Mr. Foodie and I were giggling with extreme excitement as we walked through the door.  Our new friend who had guided us on the phone waved hello from behind the mini mart check out counter.

We took a seat at one of the two tables (the place is extremely tiny). As we waited for the rest of the group to arrive, we made a few observations. First off, we were, in fact, in an honest-to-goodness mini mart. This meant we could go get anything from the mini mart and bring it to our table (except for alcohol since they don’t yet have a liquor license). We all got sodas and took a little stroll through the aisles. We noticed immediately that it smelled like someone’s Thai grandma’s kitchen – absolutely incredible. Then we started talking about how my friend even found the place – her brother-in-law (who later joined us) is a chef at the Jeff State culinary school, and the restaurant’s chef is a recent Jeff State culinary grad. We could see the back of the chef’s head as he was scurrying around his tiny first kitchen. I felt like we were part of one of those TV shows about great chefs just starting out. His excitement was palpable.  Our excitement was extreme.  All of this, and I hadn’t even tasted the food yet.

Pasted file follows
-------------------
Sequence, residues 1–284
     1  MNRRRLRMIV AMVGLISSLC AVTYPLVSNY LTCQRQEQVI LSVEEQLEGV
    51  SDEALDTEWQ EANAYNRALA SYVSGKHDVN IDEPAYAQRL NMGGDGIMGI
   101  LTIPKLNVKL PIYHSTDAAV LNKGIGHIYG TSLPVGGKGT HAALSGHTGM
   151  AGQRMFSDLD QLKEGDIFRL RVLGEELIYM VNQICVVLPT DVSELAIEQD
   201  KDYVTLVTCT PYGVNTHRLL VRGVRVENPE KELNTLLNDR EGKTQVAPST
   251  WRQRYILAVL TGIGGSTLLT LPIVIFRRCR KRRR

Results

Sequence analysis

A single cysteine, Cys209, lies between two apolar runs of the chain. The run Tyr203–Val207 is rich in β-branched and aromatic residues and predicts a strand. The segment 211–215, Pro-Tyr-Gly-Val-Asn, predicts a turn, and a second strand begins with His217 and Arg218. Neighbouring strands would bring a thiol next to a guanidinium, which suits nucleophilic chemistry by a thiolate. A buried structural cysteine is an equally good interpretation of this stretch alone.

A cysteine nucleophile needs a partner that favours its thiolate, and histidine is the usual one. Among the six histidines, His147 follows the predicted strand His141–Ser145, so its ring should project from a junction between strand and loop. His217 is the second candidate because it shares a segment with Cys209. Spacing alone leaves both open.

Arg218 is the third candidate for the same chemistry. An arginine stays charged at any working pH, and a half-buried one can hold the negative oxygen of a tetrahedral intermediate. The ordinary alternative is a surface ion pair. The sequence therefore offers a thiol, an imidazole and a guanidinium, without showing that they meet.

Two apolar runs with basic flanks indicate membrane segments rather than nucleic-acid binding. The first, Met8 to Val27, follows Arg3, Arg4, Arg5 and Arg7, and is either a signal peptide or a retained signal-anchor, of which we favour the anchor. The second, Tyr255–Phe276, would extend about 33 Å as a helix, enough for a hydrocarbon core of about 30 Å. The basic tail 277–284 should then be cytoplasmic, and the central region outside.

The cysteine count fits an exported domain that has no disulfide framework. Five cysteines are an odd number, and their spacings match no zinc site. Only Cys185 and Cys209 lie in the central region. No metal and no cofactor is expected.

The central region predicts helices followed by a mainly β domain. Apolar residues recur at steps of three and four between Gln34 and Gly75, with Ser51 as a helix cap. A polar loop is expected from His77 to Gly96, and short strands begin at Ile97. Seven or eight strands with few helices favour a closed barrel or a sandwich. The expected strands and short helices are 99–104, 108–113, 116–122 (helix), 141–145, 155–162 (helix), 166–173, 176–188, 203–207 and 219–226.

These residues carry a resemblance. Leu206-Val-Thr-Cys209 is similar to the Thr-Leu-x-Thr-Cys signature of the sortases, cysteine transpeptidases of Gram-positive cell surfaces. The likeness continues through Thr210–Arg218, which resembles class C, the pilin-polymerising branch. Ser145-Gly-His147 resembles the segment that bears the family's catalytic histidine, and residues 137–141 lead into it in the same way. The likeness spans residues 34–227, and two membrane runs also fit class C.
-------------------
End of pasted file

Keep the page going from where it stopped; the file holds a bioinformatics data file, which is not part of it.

Then the rest of our group arrived. There were 8 of us, and we realized that we could practically order one of everything and share. Then we noticed the prices. Most entrees are $6.95. At that price, our strategy to order as much as we felt we could eat seemed totally reasonable.

Here’s the menu (note the address and hours-and I double checked, they are open Sundays):

   
The entrees came out as they were made, which meant that they were fresh and steaming hot. And I have to say, given that there are only two people back there in the tiny kitchen (more about that in a second), things came out fairly quickly. As each arrived, there was a gasp from our hungry little crowd and a very long, pregnant pause while Mr Foodie took a photo for the blog. Then, as we tried each dish, unanimous admiration.

Here’s what we had:

Fried dumplings, with pork? inside.  Nice and crispy and flavorful.  A great start to the meal. Served with a sweet and sour sauce.